This is different from but related to the philosophical meaning of the word ontology, the study of existence.
Ontologies are commonly used in artificial intelligence and knowledge representation. Computer programs can use an ontology for a variety of purposes including inductive reasoning, classification, a variety of problem solving techniques, as well as to facilitate communication and sharing of information between different systems.
An ontology which is not tied to a particular problem domain but attempts to describe general entities is known as a foundation ontology or upper ontology. Typically, more specialized schema must be created to make the data useful for real world decisions.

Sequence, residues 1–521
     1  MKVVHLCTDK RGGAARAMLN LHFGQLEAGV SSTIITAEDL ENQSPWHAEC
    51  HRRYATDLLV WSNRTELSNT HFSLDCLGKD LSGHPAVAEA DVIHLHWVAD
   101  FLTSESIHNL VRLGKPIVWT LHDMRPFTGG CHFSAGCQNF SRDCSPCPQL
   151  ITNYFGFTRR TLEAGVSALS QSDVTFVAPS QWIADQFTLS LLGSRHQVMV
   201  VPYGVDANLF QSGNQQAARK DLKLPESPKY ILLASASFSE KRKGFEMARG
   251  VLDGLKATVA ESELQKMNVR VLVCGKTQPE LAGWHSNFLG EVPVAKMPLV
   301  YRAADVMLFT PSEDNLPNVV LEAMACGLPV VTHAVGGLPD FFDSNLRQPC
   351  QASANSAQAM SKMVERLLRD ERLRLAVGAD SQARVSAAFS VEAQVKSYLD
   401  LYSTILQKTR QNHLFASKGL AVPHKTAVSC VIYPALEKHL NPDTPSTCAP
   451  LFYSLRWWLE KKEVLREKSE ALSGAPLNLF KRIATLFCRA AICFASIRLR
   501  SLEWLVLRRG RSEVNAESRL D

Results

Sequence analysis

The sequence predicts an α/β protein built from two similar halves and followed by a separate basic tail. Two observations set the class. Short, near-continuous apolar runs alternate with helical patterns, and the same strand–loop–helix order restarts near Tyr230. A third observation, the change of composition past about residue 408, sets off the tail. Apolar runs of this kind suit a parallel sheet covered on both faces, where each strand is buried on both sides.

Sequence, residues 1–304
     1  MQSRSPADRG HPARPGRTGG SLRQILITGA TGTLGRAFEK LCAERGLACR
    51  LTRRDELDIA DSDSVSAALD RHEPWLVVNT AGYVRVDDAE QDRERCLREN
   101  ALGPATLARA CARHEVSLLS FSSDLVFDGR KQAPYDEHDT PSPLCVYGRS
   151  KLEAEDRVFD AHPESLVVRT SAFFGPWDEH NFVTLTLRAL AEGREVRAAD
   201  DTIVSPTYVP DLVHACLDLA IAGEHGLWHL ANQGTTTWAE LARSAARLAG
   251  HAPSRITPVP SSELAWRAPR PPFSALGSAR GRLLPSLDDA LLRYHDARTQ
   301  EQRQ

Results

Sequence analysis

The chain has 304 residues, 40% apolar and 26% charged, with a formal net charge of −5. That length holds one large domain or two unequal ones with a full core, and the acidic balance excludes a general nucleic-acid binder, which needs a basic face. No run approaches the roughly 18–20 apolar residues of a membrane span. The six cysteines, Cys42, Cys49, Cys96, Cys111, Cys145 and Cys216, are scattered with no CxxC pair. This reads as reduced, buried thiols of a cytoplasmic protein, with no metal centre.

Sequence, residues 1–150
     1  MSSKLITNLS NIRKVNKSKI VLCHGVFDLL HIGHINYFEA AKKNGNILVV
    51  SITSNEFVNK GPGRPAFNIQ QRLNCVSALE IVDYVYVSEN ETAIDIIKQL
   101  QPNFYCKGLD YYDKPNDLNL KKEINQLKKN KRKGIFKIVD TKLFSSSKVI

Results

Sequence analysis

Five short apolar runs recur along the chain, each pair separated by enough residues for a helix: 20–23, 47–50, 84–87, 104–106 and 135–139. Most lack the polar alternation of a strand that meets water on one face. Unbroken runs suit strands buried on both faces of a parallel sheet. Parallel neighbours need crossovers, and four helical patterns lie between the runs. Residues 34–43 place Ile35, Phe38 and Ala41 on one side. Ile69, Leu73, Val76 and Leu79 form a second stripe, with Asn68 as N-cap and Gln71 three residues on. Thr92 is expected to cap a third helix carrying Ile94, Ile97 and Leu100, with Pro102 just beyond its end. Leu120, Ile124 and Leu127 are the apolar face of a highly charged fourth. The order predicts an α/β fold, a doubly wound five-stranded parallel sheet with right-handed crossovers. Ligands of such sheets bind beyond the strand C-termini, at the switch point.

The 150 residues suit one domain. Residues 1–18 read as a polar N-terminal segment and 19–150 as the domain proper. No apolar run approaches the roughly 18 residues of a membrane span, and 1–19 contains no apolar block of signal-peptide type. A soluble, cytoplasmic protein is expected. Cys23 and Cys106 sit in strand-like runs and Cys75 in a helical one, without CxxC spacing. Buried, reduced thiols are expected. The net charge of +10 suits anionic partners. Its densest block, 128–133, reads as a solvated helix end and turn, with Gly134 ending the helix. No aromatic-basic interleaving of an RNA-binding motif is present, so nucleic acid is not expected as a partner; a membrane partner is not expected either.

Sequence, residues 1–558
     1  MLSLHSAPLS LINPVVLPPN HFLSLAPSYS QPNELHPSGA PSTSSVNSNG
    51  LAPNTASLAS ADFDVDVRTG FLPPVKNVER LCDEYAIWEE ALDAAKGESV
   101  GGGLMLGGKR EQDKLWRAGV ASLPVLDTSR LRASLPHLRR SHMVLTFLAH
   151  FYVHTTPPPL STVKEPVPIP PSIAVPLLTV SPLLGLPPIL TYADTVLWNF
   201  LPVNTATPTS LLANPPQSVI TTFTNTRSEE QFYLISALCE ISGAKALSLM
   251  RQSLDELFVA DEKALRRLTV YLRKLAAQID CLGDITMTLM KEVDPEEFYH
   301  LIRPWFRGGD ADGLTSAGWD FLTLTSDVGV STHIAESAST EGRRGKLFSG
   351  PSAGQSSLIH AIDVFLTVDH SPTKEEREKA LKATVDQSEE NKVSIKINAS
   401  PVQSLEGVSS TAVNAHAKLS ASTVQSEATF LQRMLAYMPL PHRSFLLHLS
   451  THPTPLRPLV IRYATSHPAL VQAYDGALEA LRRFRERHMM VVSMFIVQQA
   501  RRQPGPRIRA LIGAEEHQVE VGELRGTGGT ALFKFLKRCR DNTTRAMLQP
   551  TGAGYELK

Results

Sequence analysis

Such ontologies are commercially valuable, creating competition to define them. Peter Murray-Rust[?] has claimed that this leads to "semantic and ontological warfare due to competing standards", and accordingly any standard foundation ontology is likely to be contested among commercial or political parties, each with their own idea of 'what exists' (in the philosophical sense).
A well-known and quite comprehensive ontology available today is Cyc, a proprietary system consisting of a foundation ontology and several domain-specific ontologies (called microtheories). A subset of that ontology has been released for free under the name OpenCyc.